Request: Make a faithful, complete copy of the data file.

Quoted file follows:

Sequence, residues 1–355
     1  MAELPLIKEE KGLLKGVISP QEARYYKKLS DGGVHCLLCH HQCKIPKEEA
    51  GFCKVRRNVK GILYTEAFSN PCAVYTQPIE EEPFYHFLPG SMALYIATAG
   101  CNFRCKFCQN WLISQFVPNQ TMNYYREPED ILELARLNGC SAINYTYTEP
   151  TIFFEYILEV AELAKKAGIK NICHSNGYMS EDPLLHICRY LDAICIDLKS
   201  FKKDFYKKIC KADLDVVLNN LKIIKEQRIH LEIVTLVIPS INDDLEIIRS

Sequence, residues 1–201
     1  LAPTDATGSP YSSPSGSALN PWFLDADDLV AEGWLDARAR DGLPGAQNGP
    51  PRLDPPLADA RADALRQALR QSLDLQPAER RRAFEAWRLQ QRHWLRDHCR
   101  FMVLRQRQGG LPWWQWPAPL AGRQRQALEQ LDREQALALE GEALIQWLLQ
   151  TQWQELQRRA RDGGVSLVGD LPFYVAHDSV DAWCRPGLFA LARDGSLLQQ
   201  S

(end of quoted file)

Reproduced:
Sequence, residues 1–355
     1  MAELPLIKEE KGLLKGVISP QEARYYKKLS DGGVHCLLCH HQCKIPKEEA
    51  GFCKVRRNVK GILYTEAFSN PCAVYTQPIE EEPFYHFLPG SMALYIATAG
   101  CNFRCKFCQN WLISQFVPNQ TMNYYREPED ILELARLNGC SAINYTYTEP
   151  TIFFEYILEV AELAKKAGIK NICHSNGYMS EDPLLHICRY LDAICIDLKS
   201  FKKDFYKKIC KADLDVVLNN LKIIKEQRIH LEIVTLVIPS INDDLEIIRS

Sequence, residues 1–201
     1  LAPTDATGSP YSSPSGSALN PWFLDADDLV AEGWLDARAR DGLPGAQNGP
    51  PRLDPPLADA RADALRQALR QSLDLQPAER RRAFEAWRLQ QRHWLRDHCR
   101  FMVLRQRQGG LPWWQWPAPL AGRQRQALEQ LDREQALALE GEALIQWLLQ
   151  TQWQELQRRA RDGGVSLVGD LPFYVAHDSV DAWCRPGLFA LARDGSLLQQ
   201  S